Make Your Next Trip to a Destination Unknown

The joy of travel is in the wandering

| March-April 1999

You won't find it on the map. And there are no scheduled flights, yet it's one of the best places for discovery on the planet. I hereby submit the case for going, uh, nowhere. It has many obvious attractions—no schedules, no crowds, no 20-pound guidebooks to lug. But most people are reluctant: It's hard to pack for no particular place at all. And how do you get there, when there's no there there?

In a destination-oriented world, the virtues of a nonitinerary are as clear as dark matter. We're conditioned to think we must get from point A to point B via the shortest possible route and before everybody else, even though there is nobody else. We wind up beating only ourselves out of the juice of journey, the stuff in between.

One of the ironies of travel is that we often get more mileage out of it when we have no objective. Set out without a fixed destination, and the prizes multiply as you enter a collide-o-scope of people and paths attracted to you as if by some cosmic pheromone. Transit is provided by a vehicle that may need dusting off: wandering, your guaranteed ride to wherever. It's a time-honored route to wisdom in some cultures. Aborigine youths learned the ways of the world on walkabouts, long trips into the wilderness alone. “To start from nowhere and follow no road is the first step towards attaining Tao,” wrote Chinese philosopher Chuang Tzu.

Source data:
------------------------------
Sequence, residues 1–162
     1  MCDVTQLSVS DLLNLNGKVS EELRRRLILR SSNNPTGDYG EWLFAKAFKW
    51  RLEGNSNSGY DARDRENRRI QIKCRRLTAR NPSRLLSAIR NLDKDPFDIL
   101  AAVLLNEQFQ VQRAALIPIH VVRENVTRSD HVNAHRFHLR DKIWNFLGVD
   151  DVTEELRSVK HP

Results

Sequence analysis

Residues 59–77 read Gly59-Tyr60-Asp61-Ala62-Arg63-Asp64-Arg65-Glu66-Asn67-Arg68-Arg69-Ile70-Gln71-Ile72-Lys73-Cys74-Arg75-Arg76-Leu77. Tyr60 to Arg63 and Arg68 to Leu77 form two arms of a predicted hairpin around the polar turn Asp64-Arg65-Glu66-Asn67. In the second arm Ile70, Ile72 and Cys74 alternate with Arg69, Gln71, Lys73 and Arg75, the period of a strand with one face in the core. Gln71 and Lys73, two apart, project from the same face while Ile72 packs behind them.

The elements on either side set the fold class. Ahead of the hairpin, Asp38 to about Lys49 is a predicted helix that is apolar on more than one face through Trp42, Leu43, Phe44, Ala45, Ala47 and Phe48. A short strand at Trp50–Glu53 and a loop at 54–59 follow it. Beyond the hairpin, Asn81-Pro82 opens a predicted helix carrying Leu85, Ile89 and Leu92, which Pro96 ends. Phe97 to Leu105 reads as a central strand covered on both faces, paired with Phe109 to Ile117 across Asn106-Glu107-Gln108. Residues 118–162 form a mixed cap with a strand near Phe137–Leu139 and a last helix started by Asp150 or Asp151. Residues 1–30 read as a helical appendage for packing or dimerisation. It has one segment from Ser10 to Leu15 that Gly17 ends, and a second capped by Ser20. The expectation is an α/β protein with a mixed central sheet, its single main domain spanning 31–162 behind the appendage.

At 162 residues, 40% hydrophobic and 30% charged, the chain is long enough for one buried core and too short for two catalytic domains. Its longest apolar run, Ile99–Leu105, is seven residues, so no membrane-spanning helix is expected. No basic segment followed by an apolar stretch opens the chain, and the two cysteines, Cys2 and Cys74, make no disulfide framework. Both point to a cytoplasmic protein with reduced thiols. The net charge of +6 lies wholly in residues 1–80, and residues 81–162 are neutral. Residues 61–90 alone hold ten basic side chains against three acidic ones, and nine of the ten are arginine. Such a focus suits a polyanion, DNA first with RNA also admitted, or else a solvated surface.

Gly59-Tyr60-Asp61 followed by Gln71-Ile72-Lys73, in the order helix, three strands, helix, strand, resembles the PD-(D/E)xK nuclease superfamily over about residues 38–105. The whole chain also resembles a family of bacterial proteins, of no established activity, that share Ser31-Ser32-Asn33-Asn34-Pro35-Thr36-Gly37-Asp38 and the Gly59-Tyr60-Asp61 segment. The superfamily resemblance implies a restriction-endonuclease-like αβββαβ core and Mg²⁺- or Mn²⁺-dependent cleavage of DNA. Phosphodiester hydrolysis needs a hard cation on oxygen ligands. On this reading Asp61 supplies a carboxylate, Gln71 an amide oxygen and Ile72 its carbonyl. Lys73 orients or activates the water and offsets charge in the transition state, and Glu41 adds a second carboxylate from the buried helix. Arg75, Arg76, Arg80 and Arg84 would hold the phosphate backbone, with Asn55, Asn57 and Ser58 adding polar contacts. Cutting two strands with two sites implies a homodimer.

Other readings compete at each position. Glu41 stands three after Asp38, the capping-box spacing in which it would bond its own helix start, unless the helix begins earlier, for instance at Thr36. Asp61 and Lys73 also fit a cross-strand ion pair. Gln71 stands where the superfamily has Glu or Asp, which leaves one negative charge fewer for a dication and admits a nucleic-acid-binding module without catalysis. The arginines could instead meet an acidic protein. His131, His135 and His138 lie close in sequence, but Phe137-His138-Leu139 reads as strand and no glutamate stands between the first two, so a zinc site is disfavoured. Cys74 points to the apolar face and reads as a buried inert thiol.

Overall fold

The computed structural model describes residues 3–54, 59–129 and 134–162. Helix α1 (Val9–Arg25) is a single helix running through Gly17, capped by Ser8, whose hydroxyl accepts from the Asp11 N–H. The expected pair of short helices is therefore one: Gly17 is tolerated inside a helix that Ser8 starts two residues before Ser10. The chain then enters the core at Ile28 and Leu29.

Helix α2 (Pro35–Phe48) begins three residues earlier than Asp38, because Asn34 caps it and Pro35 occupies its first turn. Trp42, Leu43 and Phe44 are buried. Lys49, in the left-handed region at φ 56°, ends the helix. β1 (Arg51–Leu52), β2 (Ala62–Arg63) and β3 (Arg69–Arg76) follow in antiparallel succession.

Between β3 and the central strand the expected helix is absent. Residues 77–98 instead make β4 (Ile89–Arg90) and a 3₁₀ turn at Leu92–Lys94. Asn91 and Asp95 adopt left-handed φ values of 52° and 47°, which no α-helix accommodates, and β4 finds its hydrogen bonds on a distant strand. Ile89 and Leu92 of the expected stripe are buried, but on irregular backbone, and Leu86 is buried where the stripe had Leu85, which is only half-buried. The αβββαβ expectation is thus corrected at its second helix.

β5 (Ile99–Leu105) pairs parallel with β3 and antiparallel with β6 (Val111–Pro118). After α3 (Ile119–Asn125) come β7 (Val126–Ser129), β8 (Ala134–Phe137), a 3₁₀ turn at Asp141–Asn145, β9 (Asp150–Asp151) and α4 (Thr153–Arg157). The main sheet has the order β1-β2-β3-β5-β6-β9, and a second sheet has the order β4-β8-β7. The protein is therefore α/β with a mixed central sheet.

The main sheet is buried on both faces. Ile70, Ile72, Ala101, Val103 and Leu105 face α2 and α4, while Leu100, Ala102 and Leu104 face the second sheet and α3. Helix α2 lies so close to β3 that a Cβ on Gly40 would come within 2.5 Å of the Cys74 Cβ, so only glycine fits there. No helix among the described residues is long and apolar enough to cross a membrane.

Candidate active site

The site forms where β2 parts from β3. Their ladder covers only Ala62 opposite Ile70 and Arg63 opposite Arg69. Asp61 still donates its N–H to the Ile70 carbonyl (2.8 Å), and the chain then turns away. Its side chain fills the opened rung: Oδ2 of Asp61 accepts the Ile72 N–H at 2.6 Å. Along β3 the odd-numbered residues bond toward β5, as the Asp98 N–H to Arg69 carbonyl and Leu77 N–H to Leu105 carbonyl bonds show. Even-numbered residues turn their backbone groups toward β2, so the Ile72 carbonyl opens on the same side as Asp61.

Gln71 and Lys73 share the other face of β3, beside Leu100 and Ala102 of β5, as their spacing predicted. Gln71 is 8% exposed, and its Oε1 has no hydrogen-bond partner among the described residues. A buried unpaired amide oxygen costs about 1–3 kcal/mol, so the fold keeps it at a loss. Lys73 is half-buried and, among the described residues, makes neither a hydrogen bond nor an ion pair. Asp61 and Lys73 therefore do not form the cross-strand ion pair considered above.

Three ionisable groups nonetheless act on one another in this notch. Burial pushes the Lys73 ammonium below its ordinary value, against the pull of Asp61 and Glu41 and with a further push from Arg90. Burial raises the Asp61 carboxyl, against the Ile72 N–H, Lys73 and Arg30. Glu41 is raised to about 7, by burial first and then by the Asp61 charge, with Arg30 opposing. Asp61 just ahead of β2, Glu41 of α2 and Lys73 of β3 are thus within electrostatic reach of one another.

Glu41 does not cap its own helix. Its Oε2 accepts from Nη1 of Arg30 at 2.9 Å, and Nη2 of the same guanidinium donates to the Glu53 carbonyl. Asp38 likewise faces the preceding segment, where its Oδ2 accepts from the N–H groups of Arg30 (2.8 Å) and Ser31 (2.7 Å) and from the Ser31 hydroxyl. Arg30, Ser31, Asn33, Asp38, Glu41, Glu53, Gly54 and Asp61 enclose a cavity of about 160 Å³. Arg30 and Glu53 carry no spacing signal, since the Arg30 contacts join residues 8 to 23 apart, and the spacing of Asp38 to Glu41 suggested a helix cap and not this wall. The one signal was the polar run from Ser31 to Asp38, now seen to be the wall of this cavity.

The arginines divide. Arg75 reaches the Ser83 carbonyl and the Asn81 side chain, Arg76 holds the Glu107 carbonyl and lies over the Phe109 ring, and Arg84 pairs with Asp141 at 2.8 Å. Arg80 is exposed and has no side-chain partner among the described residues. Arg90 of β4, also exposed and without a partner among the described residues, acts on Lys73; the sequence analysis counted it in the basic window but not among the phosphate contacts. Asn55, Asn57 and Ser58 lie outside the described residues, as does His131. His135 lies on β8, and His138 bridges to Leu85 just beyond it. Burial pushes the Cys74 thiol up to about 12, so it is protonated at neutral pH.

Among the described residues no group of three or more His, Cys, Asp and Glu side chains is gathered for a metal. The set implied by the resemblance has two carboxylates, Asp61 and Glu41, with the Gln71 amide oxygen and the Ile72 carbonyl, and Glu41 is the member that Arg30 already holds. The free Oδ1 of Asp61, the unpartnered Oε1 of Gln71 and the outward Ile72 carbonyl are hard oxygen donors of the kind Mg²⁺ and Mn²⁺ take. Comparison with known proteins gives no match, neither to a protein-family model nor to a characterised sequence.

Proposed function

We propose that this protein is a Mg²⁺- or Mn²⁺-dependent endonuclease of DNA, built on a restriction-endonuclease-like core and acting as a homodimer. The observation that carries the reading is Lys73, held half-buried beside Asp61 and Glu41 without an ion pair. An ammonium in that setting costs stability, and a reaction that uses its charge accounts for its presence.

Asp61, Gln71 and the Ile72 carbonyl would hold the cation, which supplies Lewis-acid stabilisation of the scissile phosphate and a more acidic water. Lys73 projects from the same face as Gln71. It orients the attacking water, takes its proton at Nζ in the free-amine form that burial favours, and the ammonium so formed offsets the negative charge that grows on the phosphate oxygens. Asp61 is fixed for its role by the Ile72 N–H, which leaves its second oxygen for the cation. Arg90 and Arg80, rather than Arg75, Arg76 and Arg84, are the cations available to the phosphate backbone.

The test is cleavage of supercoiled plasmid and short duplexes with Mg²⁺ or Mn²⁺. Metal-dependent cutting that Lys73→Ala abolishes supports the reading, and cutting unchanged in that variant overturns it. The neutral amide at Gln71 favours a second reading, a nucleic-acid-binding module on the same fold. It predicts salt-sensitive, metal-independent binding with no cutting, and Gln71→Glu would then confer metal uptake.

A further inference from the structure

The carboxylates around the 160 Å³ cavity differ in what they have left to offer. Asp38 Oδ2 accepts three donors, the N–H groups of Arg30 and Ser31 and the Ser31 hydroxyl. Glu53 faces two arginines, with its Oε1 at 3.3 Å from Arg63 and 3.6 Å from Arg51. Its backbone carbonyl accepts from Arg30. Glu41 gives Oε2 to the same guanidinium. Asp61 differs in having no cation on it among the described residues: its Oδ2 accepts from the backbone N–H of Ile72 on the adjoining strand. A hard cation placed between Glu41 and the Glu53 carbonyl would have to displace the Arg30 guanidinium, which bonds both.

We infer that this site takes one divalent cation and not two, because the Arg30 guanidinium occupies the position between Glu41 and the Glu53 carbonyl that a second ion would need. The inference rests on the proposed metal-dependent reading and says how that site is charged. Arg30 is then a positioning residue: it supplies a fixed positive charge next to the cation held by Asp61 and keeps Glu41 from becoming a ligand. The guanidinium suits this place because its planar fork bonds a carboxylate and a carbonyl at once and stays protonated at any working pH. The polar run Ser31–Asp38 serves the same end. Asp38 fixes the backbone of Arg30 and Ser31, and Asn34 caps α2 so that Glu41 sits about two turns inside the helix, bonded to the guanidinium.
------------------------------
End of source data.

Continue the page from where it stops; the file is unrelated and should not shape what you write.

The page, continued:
But, by God, we want results, and we want to know what they are before we leave the door—conquering Kilimanjaro, blitzing Tuscany. Nothing wrong with a mission, mind you, but obsessive quest of the most direct line to the goal turns your travels into rote, notch-on-the-belt affairs. I used to sprint through trips, congratulating myself on how much I'd polished off.

Now I know that when I wander over to a guy grilling chicken along the road in a town in Belize, something more delicious than bagging a distant town by sunset may happen. I may find out about life when Belize was British Honduras, or chat with a woman about music, or be asked to a local dance. Suddenly I'm not on the outside looking in: I'm looking for a punta rock step.

Wandering is mobile meditation. When I'm going nowhere, everywhere is interesting. I don't feel the need to be anyplace else, which is just the way my blood pressure likes it. I can veer off over there if I want, zigzag to the highlights of my trip.

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